Looks can be deceiving in football and few players know that better than Oleksandr Zinchenko, who has spent much of the past few months shaping to pass in one direction before suddenly whipping the ball to another player, in another part of the pitch.
You might call it a “no-look” pass, but for Zinchenko it is more than that. The Arsenal left-back (who is not really a left-back at all) is a master of deception on the ball, and he uses far more than his eyes to mislead opponents. The position of the foot, the angle of the torso, the direction of the head: it all suggests one pass, when Zinchenko is actually planning another.
For Arsenal, this vision and ability to pick out a teammate, even when looking the other way, has become one of the most important weapons in their charge for the Premier League title. Zinchenko is Mikel Arteta’s quarterback in midfield, spotting the openings and the angles that move the ball up the pitch and unpick opposition defenses.
The Ukrainian’s latest passing masterclass came on Wednesday night, when he did more than anyone to deconstruct Everton’s backline. It was Zinchenko’s slaloming run that unbalanced Everton’s midfield in the first half, and his subsequent pass to Bukayo Saka that created Arsenal’s opening goal.
He was at it again in the second half (see below), playing a measured through ball to Eddie Nketiah that led to Arsenal’s fourth, scored by Gabriel Martinelli. Zinchenko waited for his moment, shifted the ball to create the angle, and then ripped open Everton’s defense with one simple pass. It was neither his goal nor his assist, but it was undoubtedly his creation.
Zinchenko’s performance against Everton was perhaps the best possible argument against him being described as a left-back. Yes, he lines up there when the opposition have the ball. But Arsenal usually dominate possession and that means Zinchenko is effectively playing as a central midfielder, alongside either Jorginho or Thomas Partey, for the majority of the game.
His touch map in midweek proves the point. The 26-year-old appeared in all sorts of positions, from one touchline to the next and everywhere in between. His versatility and flexibility helps to create space for the other attackers, to such an extent that Bournemouth should be as worried about Zinchenko this weekend as they are about Saka and Martinelli.
Per game this season, only one player in the Premier League – Manchester City’s Kevin De Bruyne – has played more passes into the final third. Zinchenko is the man who moves the ball from a harmless part of the pitch to an area of opportunity, often before the opposition has realized what is happening to them.
Nobody at Arsenal plays more progressive passes per game, and nobody at Arsenal touches the ball more frequently. While so many of their attacking moves flow through Martin Odegaard, Granit Xhaka, Saka and Martinelli, it is usually Zinchenko who starts the process by funneling the ball into the feet of those players.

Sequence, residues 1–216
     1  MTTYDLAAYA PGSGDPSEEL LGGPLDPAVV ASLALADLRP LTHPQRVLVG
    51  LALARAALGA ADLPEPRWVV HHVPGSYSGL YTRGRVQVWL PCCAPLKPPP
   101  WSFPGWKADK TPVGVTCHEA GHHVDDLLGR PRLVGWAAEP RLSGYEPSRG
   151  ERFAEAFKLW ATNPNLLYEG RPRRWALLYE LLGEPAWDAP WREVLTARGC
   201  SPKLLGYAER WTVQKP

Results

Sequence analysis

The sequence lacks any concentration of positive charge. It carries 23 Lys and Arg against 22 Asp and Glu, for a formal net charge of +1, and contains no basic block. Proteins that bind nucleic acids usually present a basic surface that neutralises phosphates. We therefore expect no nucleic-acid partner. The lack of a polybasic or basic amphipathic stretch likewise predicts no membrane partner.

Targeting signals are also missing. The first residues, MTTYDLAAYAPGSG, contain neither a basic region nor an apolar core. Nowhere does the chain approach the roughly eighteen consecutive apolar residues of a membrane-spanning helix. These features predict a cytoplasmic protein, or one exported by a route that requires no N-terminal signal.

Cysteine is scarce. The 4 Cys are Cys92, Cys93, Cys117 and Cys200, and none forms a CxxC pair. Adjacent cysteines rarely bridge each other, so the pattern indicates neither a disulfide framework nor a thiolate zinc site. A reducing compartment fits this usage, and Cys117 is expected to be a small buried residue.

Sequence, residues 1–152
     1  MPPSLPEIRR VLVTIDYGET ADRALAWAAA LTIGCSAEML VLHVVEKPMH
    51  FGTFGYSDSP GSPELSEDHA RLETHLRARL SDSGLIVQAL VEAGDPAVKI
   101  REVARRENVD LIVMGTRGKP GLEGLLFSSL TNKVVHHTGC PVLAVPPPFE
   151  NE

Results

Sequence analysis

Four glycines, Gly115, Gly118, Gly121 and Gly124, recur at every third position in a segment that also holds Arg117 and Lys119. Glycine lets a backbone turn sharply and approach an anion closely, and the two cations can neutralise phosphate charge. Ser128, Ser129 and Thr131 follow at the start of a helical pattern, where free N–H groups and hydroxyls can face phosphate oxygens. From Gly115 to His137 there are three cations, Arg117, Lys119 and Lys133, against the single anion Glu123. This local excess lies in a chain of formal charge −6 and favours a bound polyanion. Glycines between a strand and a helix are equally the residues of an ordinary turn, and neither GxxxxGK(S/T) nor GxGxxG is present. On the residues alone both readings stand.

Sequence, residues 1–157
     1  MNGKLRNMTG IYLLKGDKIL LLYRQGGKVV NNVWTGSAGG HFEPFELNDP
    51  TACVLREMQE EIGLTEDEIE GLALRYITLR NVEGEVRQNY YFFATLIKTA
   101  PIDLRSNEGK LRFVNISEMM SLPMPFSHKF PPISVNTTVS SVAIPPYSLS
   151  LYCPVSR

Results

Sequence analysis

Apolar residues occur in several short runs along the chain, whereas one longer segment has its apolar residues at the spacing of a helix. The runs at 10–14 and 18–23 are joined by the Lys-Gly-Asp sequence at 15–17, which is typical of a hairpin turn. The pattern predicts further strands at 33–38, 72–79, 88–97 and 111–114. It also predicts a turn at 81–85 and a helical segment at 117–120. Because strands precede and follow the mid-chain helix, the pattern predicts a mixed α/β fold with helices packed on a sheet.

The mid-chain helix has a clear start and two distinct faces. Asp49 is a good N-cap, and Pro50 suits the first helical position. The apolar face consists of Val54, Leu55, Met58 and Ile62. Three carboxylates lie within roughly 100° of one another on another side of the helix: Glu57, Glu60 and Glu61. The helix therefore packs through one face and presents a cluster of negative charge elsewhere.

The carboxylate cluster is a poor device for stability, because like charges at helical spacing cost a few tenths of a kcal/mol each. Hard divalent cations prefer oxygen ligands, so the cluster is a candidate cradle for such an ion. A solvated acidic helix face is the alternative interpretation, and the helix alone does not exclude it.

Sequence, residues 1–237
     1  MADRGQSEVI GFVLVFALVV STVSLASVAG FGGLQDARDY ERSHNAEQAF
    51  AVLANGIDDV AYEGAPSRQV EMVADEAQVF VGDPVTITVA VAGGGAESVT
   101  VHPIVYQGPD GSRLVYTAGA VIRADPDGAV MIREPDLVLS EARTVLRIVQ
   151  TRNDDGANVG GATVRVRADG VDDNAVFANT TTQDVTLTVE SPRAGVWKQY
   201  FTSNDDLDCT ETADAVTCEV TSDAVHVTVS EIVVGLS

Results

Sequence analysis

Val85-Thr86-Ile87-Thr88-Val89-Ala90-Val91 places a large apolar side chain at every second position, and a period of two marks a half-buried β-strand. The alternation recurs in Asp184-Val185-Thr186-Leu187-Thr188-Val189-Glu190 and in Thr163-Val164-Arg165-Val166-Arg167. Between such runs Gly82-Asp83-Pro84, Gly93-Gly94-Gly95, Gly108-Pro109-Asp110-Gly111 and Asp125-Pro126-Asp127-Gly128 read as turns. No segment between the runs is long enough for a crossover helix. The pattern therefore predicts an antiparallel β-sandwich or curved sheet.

There is one particular pass that is fast becoming Zinchenko’s trademark. In an inside left position, he will shape to play the ball wide, to his left winger. He looks to the left, and he positions his body in that direction. At the moment of execution, however, Zinchenko’s leg contorts, and the ball is reversed, at pace, through the lines. A classic misdirection, and a lesson to his opponents: watch the ball, not the body.
These attributes are especially valuable because most of Arsenal’s opponents are now playing with deep-lying, compact defenses. When the final third of the pitch is so congested, it requires a player of Zinchenko’s class and precision to find the gaps when they materialise.
“That is why we brought him here,” said Arteta this week. “Because he brings something different to the team. His mentality and his quality to do certain things allows us to be unpredictable and to generate a lot of threat every time we are in ball possession. He has played those kinds of games against low blocks 200 times, and that is very helpful.”
Arsenal have excelled in recruitment in recent seasons and Zinchenko must already be considered one of their best signings in the post-Arsène Wenger era. He was not cheap but, at £30 million from City, he was not hugely expensive either.
And this is all before one considers his enormous impact behind the scenes, where he has already emerged as one of the leaders of the squad. Zinchenko is a vocal presence in the dressing room who knows what it takes to win titles, and he has set high standards for his teammates.
Zinchenko has helped to take Arsenal to another level, then, but it should also be noted that the club has helped him in turn. He was an effective player under Pep Guardiola at City, but never to this extent. Zinchenko has started the last 10 league matches at Arsenal, which is a longer run of consecutive league games than he ever enjoyed at City.
As with Gabriel Jesus, Guardiola’s loss is Arteta’s gain. In Zinchenko, Arsenal have found a new leader and a new orchestrator, and his sleight of foot will prove crucial if they are to win this title race.